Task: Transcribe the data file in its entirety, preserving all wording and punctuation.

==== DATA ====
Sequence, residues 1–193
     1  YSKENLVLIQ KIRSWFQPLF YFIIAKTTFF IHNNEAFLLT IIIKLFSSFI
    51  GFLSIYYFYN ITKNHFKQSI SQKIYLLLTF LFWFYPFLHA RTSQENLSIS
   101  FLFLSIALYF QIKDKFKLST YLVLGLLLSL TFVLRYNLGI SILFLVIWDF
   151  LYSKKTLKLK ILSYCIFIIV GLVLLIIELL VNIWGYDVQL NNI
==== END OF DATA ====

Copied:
Sequence, residues 1–193
     1  YSKENLVLIQ KIRSWFQPLF YFIIAKTTFF IHNNEAFLLT IIIKLFSSFI
    51  GFLSIYYFYN ITKNHFKQSI SQKIYLLLTF LFWFYPFLHA RTSQENLSIS
   101  FLFLSIALYF QIKDKFKLST YLVLGLLLSL TFVLRYNLGI SILFLVIWDF
   151  LYSKKTLKLK ILSYCIFIIV GLVLLIIELL VNIWGYDVQL NNI